Reverend Barrett received a letter from the Society which stated that the Society would no longer make payments to those men working in ‘port, harbour or sea’ except as an act of charity or special concession. It went on to say that even those who did fish on the open sea had to be ‘on board’ at the time of the disaster. This requirement made no sense to the recipients at Parkgate.
This latter unreasonable condition elicited an apt, if somewhat vague, comment from one of the fishermen present. ” Would any captain stop on board,” he exclaimed, ” if he could get ashore ?” — viz., if a man’s boat, and consequently his life, was in danger, is it at all likely that he would sacrifice the latter in order to comply with one of the rules of the Shipwrecked Fishermen and Mariners’ Society ?
The comment was made at meeting held at the Parkgate National Schoolroom attended by fishermen, residents and other parties who took an interest in the welfare of the fishermen and their families. Mr Thomas Comber, J.P chaired the meeting and also present, as well as Rev Barrett were local clergymen, Revs Gleadowe, Lyon and Towert. The Parkgate representative on the Dee Board of Conservators, the Hon. Henry Holbrook also attended, as did Reginald Haigh, a member of the Local Board. Not surprisingly the fishermen themselves were well represented and included James Bushell, James Bushell, junior, Benjamin Higgins, William Campion and members of the Matthews, Bedson, Brierley, Roscoe, Cunningham and Mealor families.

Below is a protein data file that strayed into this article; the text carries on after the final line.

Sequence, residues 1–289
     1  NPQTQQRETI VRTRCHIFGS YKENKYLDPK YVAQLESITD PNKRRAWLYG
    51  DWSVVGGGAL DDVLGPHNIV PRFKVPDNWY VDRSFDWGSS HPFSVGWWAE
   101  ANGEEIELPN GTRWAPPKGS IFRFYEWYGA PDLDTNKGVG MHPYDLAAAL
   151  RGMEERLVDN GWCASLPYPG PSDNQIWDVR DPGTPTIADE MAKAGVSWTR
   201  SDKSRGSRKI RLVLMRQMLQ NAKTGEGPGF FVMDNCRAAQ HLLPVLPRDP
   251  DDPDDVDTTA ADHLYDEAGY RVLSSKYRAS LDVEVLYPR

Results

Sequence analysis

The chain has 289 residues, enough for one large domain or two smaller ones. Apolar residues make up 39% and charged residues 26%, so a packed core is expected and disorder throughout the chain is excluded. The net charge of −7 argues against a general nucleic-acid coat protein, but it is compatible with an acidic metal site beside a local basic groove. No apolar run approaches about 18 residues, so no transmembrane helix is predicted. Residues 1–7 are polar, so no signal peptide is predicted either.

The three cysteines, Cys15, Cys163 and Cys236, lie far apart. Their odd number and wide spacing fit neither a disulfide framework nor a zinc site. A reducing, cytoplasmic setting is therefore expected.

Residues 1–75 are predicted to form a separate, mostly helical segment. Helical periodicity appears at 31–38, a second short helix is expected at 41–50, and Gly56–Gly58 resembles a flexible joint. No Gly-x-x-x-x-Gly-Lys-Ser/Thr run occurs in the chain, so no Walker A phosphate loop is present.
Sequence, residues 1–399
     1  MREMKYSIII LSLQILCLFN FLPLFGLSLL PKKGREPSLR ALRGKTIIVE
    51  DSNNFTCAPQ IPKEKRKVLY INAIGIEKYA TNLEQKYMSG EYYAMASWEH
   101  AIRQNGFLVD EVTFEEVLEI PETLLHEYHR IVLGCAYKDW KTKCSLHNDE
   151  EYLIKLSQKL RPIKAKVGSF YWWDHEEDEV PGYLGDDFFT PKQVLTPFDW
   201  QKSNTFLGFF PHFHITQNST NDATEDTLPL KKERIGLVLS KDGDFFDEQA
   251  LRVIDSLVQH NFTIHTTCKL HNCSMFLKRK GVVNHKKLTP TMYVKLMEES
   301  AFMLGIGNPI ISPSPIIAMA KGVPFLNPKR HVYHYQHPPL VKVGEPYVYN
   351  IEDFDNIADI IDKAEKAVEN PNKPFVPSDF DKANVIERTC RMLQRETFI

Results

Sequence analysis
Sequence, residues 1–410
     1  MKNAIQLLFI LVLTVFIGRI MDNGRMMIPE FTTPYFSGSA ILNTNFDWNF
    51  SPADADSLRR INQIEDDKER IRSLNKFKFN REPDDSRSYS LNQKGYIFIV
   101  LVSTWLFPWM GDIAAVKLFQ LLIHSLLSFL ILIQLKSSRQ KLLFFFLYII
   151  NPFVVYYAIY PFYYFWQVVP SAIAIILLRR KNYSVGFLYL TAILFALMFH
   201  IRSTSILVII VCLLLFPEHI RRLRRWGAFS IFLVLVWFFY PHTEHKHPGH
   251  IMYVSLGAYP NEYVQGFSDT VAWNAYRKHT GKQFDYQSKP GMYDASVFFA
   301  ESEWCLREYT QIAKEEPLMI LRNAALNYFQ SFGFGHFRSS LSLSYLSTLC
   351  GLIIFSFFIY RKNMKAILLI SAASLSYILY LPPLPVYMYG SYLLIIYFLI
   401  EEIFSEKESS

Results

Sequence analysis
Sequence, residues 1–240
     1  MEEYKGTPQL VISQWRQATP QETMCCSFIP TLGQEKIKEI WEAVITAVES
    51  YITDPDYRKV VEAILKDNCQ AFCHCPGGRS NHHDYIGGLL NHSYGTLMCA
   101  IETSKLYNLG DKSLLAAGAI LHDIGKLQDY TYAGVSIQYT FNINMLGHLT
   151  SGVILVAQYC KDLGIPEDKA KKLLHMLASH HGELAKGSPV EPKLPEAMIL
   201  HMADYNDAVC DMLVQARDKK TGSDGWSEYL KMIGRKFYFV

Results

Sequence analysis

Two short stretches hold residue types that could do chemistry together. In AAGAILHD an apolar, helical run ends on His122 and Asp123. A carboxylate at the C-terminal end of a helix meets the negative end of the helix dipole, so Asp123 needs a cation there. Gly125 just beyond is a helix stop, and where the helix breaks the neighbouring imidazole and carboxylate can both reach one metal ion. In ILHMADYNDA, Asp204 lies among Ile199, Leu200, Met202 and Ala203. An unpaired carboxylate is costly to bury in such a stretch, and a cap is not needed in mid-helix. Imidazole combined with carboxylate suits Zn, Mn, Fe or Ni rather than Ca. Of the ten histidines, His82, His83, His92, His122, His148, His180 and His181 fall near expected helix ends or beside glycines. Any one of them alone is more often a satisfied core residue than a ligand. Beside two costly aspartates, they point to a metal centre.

The Rev Barrett read out the letter which he had received from Mr. W. R. Buck, secretary of the Society which quoted the Rule 11
‘Under the provision of Society’s Rule 11 the cases ordinarily allowable are those of loss or damage by shipwreck, storm or accidents of the sea, of fishing boats when on the sea (not in port, harbour or river), in bona fide pursuit of their calling, with the owners on board,’
Rev Barrett then gave an account of the correspondence which had been exchanged since he received the letter. In response to his letter asking for a further explanation he had received a second letter which pointed out that the loss or damage to boats was not the only or even the main circumstance for which the Society provided relief and that further payments may be made in future under clauses relating to ‘stress of weather’ or ‘charitable’ cases.